We’ve all driven someone else’s car before, but many of us have been doing so without really knowing if we are covered by the owner of the vehicle’s insurance or by our very own insurance. Of course this isn’t a thought that crosses our mind when we’re driving our own vehicle. It may not even be a consideration when we tell someone else to drive our car.
Driving Someone Else’s Car
According to Virginia law, the major difference of if insurance covers you in the event of a car accident is dependent on whether you have received permission to use the aforementioned vehicle. If someone has been granted permission to use another person’s vehicle, then the owner of the vehicle’s insurance has you covered under Virginia Code § 38.2-2204:
“any other person using or responsible for the use of the motor vehicle, aircraft, or private pleasure watercraft with the expressed or implied consent of the named insured” shall be insured by the vehicle owner’s insurance.”
If the person that has borrowed your vehicle happens to have their own car insurance, that policy would essentially provide coverage in addition to the vehicle owner’s own insurance.
That said, if someone uses your vehicle without your express consent, then the vehicle is considered to be under no insurance coverage. Now, if you let your cousin drive your vehicle to and from school, but then they decide to go on an impromptu road trip, your cousin will no longer be covered by your insurance as that is not the reason you allowed them to borrow your car. If you exceed this scope of permission on where you may take someone’s borrowed vehicle your own insurance will not cover you either. Your insurance can only play a role in the event of an accident or occurrence if you are granted express permission to utilize the vehicle in the way that you are using it.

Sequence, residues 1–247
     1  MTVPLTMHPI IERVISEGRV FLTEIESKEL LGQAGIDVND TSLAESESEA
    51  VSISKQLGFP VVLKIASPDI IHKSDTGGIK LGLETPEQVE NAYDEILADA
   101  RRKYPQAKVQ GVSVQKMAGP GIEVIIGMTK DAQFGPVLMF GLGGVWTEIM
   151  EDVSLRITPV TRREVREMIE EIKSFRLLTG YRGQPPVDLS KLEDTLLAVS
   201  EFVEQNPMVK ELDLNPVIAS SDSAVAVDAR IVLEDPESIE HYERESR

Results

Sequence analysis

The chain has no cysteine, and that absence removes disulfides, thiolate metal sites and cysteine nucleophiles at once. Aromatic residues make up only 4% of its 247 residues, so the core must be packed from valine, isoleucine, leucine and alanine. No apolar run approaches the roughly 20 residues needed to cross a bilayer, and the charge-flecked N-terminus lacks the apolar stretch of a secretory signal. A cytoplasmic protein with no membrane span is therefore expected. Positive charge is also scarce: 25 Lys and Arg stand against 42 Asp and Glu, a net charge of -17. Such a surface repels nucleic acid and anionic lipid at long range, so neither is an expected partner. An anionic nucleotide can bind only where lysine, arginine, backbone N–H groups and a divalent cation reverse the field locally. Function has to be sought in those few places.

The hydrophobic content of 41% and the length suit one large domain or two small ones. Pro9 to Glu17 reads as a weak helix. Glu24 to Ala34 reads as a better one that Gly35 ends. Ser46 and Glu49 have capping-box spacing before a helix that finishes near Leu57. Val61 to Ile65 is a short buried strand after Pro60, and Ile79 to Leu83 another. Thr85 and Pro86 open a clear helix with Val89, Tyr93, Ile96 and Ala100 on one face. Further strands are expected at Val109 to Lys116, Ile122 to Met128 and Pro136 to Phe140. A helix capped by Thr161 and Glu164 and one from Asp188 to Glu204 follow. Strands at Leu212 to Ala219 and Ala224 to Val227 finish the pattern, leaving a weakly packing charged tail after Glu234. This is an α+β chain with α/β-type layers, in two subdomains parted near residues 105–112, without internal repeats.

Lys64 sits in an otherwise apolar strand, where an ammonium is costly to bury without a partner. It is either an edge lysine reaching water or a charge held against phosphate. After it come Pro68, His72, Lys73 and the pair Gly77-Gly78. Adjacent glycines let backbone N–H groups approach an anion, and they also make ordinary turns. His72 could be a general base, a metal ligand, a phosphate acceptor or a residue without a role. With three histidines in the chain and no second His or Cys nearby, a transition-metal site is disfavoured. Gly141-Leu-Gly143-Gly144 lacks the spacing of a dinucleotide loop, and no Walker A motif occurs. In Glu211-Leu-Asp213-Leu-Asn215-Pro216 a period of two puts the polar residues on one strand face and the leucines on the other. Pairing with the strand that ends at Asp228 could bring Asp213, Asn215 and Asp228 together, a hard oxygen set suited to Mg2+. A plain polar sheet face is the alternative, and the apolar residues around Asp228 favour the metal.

So now lets run a different scenario. You let your cousin borrow your vehicle, and they decide to let one of their classmates use the vehicle. Typically this classmate is also covered in accordance to Virginia law. This can be tricky, but the legality of the classmate’s use of the vehicle is for the safety of others rather than their own. Essentially when the owner of the vehicle gives permission for their cousin to use the vehicle, that same permission applies to the classmate as well. In the event that the classmate gets into an accident, it would be extremely unfair for the victim or other party of the car accident if no insurance would cover their injuries or vehicle damage.
We know Virginia law can be complicated at times. If you are using someone else’s vehicle, our recommendation is to not let anyone else borrow vehicle you are borrowing. If you are unsure if the borrower of your vehicle is insured or not after they have gotten into an accident, you can contact the Parrish Law Firm for a free consultation to determine where you stand. You can call us at (571) 229 – 1800 or contact us here.